Does Caring for Trauma Patients Admitted to Emergency Departments Need Advanced Communication Skills? A Quasi-Experimental Study of Nurses' Communication Audit

Document Type: Original Article

Authors

1 Lecturer, Faculty of Nursing, Baqiyatallah University of Medical Sciences, Tehran, Iran

2 Associate Professor, Trauma Research Center and Faculty of Nursing, Baqiyatallah University of Medical Sciences, Tehran, Iran

3 Associate Professor, Behavioral Sciences Research Center, Faculty of Nursing, Baqiyatallah University of Medical Sciences, Tehran, Iran

4 Assistant Professor, Faculty of Nursing, Baqiyatallah University of Medical Sciences, Tehran, Iran

Abstract

Background: Communication increases awareness of patient problems, productivity and job satisfaction, improving decision-making in patient discharge and transfer, and reducing hospital stay duration, medical costs, and nurses’ stress and burnout.
Objectives: This study aimed to audit the communication of nurses with trauma patients in the emergency department.
Methods: This quasi‑experimental study was conducted at the Baqiyatallah University of Medical Sciences in 2018. The data collection tool was a valid and reliable checklist for nurses' communication skills with trauma patients with 3 subscales and 31 items. Before the intervention, 35 nurses who were randomly selected were evaluated based on the communication checklist, and then the collected data was analyzed. Based on the results and the assessment of weaknesses, the necessary training was provided to the nurses. After the intervention, the participants' communication skills were analyzed using the same checklist and the results were compared. Descriptive statistics and parametric tests such as paired T-test were used to analyze the data.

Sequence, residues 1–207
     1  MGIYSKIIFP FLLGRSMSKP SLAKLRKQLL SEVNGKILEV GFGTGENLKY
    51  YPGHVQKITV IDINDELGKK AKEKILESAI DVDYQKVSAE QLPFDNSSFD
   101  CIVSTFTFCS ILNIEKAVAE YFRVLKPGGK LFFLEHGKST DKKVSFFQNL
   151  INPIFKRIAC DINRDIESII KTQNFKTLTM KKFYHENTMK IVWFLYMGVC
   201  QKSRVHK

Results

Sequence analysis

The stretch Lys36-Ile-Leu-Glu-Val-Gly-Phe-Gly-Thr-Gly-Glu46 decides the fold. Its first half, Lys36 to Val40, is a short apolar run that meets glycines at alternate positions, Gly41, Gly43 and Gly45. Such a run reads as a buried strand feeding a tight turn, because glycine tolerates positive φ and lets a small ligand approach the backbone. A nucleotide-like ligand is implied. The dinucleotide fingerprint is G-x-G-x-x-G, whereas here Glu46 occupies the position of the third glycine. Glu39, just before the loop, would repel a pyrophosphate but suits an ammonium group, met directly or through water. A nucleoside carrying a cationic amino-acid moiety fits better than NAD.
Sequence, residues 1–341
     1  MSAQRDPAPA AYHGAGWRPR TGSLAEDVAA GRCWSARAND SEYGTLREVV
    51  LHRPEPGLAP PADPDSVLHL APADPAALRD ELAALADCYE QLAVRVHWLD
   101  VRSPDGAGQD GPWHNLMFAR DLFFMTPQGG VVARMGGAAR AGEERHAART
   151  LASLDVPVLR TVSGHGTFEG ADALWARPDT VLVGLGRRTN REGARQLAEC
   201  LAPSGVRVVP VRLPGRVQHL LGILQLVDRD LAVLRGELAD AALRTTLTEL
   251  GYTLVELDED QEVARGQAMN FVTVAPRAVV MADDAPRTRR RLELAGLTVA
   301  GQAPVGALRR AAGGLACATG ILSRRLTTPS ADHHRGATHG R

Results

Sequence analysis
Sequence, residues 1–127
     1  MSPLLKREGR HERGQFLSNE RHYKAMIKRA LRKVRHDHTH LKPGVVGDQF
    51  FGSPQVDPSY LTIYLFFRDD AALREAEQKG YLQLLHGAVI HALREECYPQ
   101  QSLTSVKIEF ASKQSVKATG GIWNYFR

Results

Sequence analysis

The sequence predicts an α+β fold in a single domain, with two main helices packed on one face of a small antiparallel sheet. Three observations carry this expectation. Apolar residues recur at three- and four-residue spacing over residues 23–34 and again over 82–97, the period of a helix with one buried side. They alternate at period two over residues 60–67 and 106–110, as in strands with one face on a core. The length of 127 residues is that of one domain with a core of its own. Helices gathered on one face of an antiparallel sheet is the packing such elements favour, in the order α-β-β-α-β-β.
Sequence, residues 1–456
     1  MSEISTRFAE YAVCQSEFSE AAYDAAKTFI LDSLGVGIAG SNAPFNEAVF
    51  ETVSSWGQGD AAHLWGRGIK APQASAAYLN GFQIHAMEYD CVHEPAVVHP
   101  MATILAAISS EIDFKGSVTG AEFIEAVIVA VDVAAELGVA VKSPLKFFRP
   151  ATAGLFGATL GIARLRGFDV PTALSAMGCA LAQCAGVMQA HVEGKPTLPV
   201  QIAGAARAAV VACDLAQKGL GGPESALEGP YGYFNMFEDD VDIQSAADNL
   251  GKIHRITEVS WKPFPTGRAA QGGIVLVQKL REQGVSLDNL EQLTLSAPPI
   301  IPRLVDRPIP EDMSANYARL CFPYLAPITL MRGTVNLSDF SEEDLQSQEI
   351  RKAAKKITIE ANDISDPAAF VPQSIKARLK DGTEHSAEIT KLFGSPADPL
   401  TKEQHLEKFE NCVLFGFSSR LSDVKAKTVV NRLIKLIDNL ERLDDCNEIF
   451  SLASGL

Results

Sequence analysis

Results: The means age of participants was 39.5±9.3 years, and the majority of them were males.The mean scores of communication status before and after intervention were (10.00±3.29) and (26.26±2.30), respectively, among the 35 participating nurses. There was a significant difference between pre-and post-intervention (p <0/001) in terms of total communication skills scores, indicating the effectiveness of the intervention.
Conclusion: The audit of nurses' communications with patients in the emergency department as well as training based on the improvement of weaknesses may be effective in improving nurses’ communication skills, and this may promote the level of communication skills, behavioral changes, and positive effects on the clinical situation of trauma patients.

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